I love the Sea. I’ve always loved it. Before I was born, before I ever moved to the Westside, I’ve always loved it. When I moved here, I promised her I would visit as often as I could. It’s one of the reasons I fell in Love with our gym the first time Diso and I laid eyes on it. The space and landlord and logistics were serendipitous, but for fuck’s sake it has a huge, roll up door that faces the Ocean! I often go outside and just stand there and wish I could see her from here. I gazed upon her after this ordeal, the closest, riskiest, bullshit fucking craziest thing I’ve attempted in god knows how long, and still loved her. It never occurred to me that I might actually die. Only at points, Man I hope I come out of this. I hope I breach soon. I accepted then, quite happily that to love something or someone, is a fight, a battle. It’s work and risk and rising and falling, a roller coaster you can only ride out in it’s entirety, and you don’t always get to chose what’s what. It chooses you. I’m sure Jess had revelations of a similar nature, but I’ll let her tell that tale. Take it away Jess!
” . . . I literally have never experienced this type of feeling of fear, panic, and desperation due to my life being threatened by nature! The ocean is a beast and I will never doubt her again! Zeb and I made the decision to head in from the swim, shortly after that decision this massive wave decides to pummel our asses. I remember attempting to head for the shore and glancing back with no time to react. The wave just sucked me in and took me over. Tossing and turning knowing I would come up, just a matter of when. It always feels like eternity when you are under water without air having no control of your body or the situation. I just remember thinking I am going to run out of air, I was desperately scraping with my hands to attempt to find the surface. This overwhelming panic didn’t help with my breathe but it took over anyway! I finally surfaced taking a huge breath of air to only be hit again by the second wave. Taking me under again, not as long, but long enough to provide absolute panic! It even sucked my goggles right off which at that point I didn’t give a shit that the ocean just ate my goggles! All I wanted was her to spit me out so I could breathe, just to be able to simply breathe. The wave allowed me to come up for air having a little more time between waves. When I was under I could feel the sandy bottom so I was hoping when I surfaced I could touch but of course I couldn’t. I could see Zeb further out than me, facing another wave knowing that it was coming for me next. Out of desperation I yell to him “Zeb I can’t make it” when I should of been concentrating on breathing! But I felt that he needed to know that I may pass the f@ck out, so if he makes it to shore somebody is going to have to find my knocked out ass! Soooo this last wave hits me taking me under one last time! Literally I was praying underwater that I surface in time to breathe again….. which I do. I am able to touch the bottom, holy shit! I start running like a cheetah is behind chasing me, utter panic! I wouldn’t be surprised if I was yelling and running at the same time. Once I hit the edge of the water I fell to the ground dramatically and crawled to safety! Keeling over sprawled out on the sand mentally and physically exhausted!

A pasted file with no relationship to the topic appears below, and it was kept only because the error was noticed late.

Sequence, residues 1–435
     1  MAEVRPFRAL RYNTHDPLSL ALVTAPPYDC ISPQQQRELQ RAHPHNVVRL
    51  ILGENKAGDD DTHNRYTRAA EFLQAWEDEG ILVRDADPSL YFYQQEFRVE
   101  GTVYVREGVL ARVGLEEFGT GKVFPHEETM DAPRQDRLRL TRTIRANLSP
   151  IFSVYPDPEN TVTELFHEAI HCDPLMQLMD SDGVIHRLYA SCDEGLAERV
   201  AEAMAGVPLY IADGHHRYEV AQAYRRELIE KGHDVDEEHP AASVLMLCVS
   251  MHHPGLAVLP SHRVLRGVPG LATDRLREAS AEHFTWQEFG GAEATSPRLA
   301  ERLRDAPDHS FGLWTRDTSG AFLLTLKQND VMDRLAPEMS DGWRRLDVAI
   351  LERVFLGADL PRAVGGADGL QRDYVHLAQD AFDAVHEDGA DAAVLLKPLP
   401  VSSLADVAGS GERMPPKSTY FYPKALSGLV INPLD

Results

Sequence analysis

Zebedee finally approaches me bent over with his hands on his knees breathing so forcefully but somehow finds the capacity to tell me that he isn’t sure if he can go back out again! I immediately respond “f@ck that Zeb! I barely got out” After recovering from this definite life and death experience, we start walking back. Talking about our individual experience that we just encountered with this beast! You are not going to believe this but in rolls my goggles with a wave landing directly at Zeb’s feet. With such a surprised and curious voice Zeb asks “are those your googles” while swooping them up with his hand…
I took that gesture as an apology from the ocean letting me know that it was just another lesson to be learned. This summer I have spent a lot of time getting to know the ocean better, becoming more comfortable doing activities such as surfing, ocean swims, kayaking, paddle boarding, and just simply playing in it almost every time I go to the beach. Previous summers it was rare for me to go in the ocean, I was scared for one reason or another. Even with this experience I will still choose to become better acquainted with her! This experience is similar to the start of my 2012, I know now that no matter how many times you get knocked down grasping for air that you will eventually come up. Patience is key. Life is beautiful and amazing but messy at times, learning to embrace it all. The ability to feel love and pain equals life and growth… “